Praying that God would “endue him with patience,” he bore repeated torture. John Foxe wrote, “After the executioners were tired with inflicting torments on him, he was conveyed to a dungeon. In his confinement, he converted his jailers, named Alexander, Felician, and Longinus.” Upon receiving Christ as Savior, the jailers were immediately beheaded; and Victor, following additional torture, was thrown into a mill and crushed.
Another example of faithfulness under the direst of circumstances is the account of two men, the husband and brother of a young lady named Cecilia. Because of her testimony, they became Christians. They were subsequently arrested and sentenced to beheading. The two men shared the gospel with the officer leading them to execution who, after placing his faith in Christ, was also beheaded. Cecilia herself endured horrendous torment in a scalding bath, “and having continued there a considerable time, her head was struck off with a sword.”
Marcus and Marcellianus grew up in a pagan household but were tutored by devout Christians. When they gave their lives to Christ, family and friends used every means available to try to turn them from Christianity. Eventually, as a result of their consistent testimony, their immediate family also put their faith in Jesus Christ.
The entire household was subsequently arrested and tied to posts. Their feet were pierced with nails, and after several days they were impaled with lances. Before they died, their testimony caused Zoe, wife of the jailer, to become a Christian. Because of her decision to follow Christ, she was “hung upon a tree, with a fire of straw lighted under her. When her body was taken down, it was thrown into a river, with a large stone tied to it, in order to sink it.”
Rome’s Attempt to Exterminate Christianity
History reminds us that during the most intense times of persecution, untold thousands lost their lives. Around the turn of the first century, Pliny the Second, a Roman naturalist and writer, “seeing the lamentable slaughter of Christians, and moved therewith to pity, wrote to [Roman Emperor] Trajan, certifying him that there were many thousands of them daily put to death, of which none did any thing contrary to the Roman laws worthy of persecution.”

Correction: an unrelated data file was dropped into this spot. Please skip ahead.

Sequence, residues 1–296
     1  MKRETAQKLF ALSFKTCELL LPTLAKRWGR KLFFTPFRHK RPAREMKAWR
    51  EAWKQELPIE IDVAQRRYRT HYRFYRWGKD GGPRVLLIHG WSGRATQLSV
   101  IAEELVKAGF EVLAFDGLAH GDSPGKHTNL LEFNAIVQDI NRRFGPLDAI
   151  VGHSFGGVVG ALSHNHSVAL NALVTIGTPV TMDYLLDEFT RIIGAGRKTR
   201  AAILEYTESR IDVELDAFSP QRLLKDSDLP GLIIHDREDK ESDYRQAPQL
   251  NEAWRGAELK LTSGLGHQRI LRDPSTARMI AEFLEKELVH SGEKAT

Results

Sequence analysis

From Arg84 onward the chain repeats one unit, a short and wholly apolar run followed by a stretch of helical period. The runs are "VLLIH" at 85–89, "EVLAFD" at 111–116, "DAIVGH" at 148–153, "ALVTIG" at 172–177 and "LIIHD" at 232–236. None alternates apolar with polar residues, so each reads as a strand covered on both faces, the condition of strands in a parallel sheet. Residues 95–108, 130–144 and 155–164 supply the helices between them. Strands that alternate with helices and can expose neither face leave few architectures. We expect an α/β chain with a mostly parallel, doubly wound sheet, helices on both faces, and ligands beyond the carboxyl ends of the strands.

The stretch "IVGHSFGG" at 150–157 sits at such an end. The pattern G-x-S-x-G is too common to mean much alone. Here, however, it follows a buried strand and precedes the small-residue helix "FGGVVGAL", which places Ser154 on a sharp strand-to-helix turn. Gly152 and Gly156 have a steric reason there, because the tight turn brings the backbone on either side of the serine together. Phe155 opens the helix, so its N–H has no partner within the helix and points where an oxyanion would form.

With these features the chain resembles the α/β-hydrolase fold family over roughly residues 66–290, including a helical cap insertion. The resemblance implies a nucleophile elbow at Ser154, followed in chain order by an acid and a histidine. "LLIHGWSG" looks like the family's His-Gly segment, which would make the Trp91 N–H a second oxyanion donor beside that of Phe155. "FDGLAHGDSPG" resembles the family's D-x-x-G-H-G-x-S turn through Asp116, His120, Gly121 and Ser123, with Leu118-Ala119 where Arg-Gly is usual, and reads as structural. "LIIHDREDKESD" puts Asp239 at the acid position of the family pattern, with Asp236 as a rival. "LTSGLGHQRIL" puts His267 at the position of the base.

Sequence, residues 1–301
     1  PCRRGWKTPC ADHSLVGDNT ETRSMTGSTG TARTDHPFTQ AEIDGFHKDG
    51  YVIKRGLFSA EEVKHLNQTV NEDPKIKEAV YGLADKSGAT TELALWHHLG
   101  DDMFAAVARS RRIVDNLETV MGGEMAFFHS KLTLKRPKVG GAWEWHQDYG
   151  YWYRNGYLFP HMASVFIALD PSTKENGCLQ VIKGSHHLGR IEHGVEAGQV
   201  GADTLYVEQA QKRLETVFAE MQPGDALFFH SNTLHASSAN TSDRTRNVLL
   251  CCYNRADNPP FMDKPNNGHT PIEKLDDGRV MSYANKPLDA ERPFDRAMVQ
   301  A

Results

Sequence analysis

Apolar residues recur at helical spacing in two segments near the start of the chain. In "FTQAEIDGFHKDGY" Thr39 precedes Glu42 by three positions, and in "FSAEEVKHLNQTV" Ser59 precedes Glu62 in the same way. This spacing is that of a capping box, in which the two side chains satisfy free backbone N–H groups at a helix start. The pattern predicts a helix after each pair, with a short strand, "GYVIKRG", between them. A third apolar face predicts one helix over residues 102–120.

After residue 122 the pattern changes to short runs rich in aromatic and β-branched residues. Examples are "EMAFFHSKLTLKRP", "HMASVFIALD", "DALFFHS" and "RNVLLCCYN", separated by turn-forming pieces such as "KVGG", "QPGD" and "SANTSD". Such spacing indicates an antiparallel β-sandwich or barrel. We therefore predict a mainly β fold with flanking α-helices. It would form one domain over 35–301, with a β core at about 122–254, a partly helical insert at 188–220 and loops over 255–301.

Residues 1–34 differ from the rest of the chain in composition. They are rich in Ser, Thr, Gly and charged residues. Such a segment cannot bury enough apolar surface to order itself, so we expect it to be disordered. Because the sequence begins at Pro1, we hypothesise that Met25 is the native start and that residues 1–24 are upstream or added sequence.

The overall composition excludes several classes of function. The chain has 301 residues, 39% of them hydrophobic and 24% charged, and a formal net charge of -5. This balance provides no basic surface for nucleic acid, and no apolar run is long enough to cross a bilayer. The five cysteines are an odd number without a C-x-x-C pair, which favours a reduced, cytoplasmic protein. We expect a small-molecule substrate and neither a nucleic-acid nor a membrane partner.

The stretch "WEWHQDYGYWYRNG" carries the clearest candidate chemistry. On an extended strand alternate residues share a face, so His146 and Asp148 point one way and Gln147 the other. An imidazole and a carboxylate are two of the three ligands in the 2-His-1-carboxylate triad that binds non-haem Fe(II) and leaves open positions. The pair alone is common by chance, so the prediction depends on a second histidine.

After Trajan, Adrian brutally persecuted Christians with the same vehemence. In this new round of persecution, such influential Christian leaders as Alexander, bishop of Rome; his two deacons; many prominent Christians and their families; and at least 10,000 others were put to death.
A time infamously referred to as the Era of the Martyrs was incited by Galerius, Emperor Diocletian’s adopted son. Provoked by his pagan mother, he continuously badgered Diocletian to begin a major persecution of Christians. Diocletian finally yielded; and February 23, 303, was declared Terminalia: a day the pagan world hoped to exterminate Christianity.
Churches were stormed and sacred books seized and thrown onto fires. Not content with merely burning the books, Diocletian and Galerius had a church leveled, ordered the same for all other churches in the empire, and declared Christians outlaws. As a result, “All the Christians were apprehended and imprisoned; and Galerius privately ordered the imperial palace to be set on fire, that the Christians might be charged as the incendiaries and a plausible pretence given for carrying on the persecution with the greater severities.”